|Leila Hatami, joint winner of the Berlin Silver Bear|
This is the first of what should hopefully be a series of reviews from our new contributor, "A.H"':
After being denied permission by the law courts to a divorce in order to raise her daughter away from Iran, Simin (Leila Hatami), in an early scene of A SEPARATION, moves out of the apartment she shares with her husband, daughter and father-in-law, to live with her mother. The demanding familial situation she leaves behind becomes the work of Razieh (Sareh Bayat), whom Simin’s husband hires as a housekeeper and carer to his elderly, invalid father. In taking on these significant responsibilities, Razieh encounters difficulties almost immediately: she must travel a tiring distance to work each morning; with her own young daughter to mind in tow; and she finds herself unsure of what her religion will allow her to do in the nursing of a lost old man who is unable to clean or speak for himself. However, the larger problem that becomes clear by pieces as this unstylised, unhappy film unfolds is that Razieh herself, in accepting this unsuitable role and the money it will bring, is attempting to deal with the failings and inconstancies that have taken place in her own family. Her fraught situation further complicates the newly altered life of Simin’s family, and the elusive, final separation that Simin desires at the outset of the film.
The meeting of these stories is the intricate art of this drama, and the ensuing tangled involvement of these two families, from notably different classes, is worsened by a few heated, tragic events that move this private confluence from Simin’s family apartment and its environs into the Tehranian law courts. There the tragic events and the lonely histories behind them are variously debated and confessed, and their judgements are harsh and quick and always inadequate in comparison to the length and complexity of what has been previously witnessed and sadly understood – most of all by Simin’s daughter, Termeh (Sarina Farhadi). Indeed, at the end of the film, when a final trip to the courts is made, a resolution to the contest of family, and moreover, to the contest of loyalty, becomes the most impossible and dreadful of tasks. That heart-wrenching scene is a testament to the subtly cumulative method and ultimately powerful work of this compelling film.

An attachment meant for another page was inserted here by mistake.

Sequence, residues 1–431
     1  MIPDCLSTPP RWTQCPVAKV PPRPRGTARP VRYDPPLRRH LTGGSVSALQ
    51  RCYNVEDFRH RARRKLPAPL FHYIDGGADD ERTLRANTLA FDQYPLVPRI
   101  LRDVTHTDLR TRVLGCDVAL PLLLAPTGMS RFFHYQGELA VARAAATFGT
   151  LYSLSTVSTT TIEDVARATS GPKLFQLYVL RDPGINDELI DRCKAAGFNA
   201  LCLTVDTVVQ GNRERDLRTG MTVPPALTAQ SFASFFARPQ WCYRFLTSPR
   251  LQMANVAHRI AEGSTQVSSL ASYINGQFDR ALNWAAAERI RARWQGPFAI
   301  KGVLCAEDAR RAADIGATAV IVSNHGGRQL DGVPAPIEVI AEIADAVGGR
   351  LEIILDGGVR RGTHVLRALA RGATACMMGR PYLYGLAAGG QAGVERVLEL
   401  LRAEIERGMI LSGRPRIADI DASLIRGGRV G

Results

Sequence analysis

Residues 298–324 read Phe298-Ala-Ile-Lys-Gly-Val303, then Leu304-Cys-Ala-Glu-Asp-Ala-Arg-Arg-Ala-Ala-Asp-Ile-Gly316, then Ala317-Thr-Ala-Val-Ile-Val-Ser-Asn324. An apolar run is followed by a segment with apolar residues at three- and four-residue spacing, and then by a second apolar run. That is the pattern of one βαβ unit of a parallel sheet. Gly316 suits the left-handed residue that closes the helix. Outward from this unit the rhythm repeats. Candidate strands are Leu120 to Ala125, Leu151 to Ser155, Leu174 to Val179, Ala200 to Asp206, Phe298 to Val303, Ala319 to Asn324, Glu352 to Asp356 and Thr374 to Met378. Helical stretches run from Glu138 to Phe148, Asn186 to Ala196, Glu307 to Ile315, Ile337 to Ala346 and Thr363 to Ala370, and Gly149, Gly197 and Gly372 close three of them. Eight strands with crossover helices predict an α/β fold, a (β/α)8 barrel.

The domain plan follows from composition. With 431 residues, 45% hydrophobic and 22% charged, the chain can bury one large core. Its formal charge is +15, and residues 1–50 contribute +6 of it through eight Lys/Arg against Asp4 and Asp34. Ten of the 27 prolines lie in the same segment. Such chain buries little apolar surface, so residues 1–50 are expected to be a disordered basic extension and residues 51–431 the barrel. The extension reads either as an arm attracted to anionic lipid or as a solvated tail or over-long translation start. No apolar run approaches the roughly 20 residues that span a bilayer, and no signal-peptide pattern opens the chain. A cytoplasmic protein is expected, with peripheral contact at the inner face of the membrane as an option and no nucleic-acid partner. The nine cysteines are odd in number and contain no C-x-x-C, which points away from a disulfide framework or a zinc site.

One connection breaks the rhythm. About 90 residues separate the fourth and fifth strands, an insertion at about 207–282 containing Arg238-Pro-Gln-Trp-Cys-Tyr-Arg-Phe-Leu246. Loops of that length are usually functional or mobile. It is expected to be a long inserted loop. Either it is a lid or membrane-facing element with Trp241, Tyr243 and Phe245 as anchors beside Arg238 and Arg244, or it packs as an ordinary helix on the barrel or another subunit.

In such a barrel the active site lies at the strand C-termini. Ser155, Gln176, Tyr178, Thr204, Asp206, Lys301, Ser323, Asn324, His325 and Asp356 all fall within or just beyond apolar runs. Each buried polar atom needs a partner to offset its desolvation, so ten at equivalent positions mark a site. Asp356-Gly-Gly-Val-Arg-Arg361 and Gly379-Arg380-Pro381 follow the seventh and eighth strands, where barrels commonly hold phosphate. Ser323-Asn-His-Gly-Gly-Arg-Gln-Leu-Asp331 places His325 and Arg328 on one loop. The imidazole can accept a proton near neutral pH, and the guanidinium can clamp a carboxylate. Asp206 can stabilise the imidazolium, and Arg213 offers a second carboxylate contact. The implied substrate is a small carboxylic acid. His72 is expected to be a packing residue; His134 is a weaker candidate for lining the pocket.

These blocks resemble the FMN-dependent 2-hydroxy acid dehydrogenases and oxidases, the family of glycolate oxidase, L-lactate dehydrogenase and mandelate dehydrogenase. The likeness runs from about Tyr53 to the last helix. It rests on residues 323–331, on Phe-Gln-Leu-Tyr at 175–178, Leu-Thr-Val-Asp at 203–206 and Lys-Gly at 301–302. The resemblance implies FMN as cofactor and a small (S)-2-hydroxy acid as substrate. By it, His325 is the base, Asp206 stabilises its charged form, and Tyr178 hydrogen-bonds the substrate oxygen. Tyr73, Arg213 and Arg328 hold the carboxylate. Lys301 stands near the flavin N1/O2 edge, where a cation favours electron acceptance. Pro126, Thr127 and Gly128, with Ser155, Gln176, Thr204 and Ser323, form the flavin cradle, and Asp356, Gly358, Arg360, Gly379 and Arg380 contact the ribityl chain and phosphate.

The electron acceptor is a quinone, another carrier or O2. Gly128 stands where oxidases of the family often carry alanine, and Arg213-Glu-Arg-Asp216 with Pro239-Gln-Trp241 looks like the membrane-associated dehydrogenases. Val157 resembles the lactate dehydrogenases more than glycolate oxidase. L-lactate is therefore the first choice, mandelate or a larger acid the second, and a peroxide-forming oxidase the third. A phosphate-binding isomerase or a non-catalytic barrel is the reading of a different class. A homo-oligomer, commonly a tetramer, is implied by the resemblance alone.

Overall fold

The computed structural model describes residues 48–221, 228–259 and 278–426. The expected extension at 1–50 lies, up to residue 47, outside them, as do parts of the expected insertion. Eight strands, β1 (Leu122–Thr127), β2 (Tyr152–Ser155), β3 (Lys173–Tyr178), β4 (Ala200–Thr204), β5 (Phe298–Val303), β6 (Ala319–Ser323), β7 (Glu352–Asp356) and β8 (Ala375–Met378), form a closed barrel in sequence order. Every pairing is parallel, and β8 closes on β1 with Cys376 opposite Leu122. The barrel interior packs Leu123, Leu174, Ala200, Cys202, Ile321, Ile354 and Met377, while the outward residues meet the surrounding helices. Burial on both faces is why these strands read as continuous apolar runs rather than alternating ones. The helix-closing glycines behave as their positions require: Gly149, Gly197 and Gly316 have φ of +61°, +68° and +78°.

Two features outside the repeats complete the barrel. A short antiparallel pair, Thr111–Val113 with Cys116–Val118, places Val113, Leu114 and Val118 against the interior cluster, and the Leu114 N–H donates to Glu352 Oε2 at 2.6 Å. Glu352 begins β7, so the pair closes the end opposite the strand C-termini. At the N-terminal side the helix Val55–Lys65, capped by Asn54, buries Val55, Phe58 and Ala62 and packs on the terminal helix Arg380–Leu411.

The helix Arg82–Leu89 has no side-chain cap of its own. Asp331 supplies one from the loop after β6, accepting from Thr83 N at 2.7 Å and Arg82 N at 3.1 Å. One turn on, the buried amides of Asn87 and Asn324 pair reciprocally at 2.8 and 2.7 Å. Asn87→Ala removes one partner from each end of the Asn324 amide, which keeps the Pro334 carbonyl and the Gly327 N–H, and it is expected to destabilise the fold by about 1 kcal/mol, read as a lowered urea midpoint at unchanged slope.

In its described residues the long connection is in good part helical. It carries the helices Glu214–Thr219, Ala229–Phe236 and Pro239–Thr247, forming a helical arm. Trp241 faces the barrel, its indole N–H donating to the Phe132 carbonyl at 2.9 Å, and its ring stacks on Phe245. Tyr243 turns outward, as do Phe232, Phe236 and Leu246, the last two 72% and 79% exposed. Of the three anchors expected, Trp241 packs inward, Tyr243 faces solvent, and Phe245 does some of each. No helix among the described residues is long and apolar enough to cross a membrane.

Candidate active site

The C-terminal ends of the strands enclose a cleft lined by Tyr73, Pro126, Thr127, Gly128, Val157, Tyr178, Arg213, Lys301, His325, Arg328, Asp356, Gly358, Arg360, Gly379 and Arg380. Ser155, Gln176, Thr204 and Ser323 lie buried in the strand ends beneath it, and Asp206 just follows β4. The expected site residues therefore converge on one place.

A SEPARATION played Berlin 2011, where it was the first movie in history to win 3 Bears: the Golden Bear for director Asghar Farhadi; and two Silver Bear for Best Actor and Actress given to the entire ensemble. It also played Sydney 2011 where it won the award for Best Film. It was released earlier this year in Iran, Belgium, France and Thailand. It is currently on release in the UK, Turkey and Germany. It opens in August in the Netherlands, Hungary and Spain. It opens in Sweden on September 16th; in Poland and Denmark in October; in Italy and Norway on December 25th; and in Brazil on January 6th 2012.
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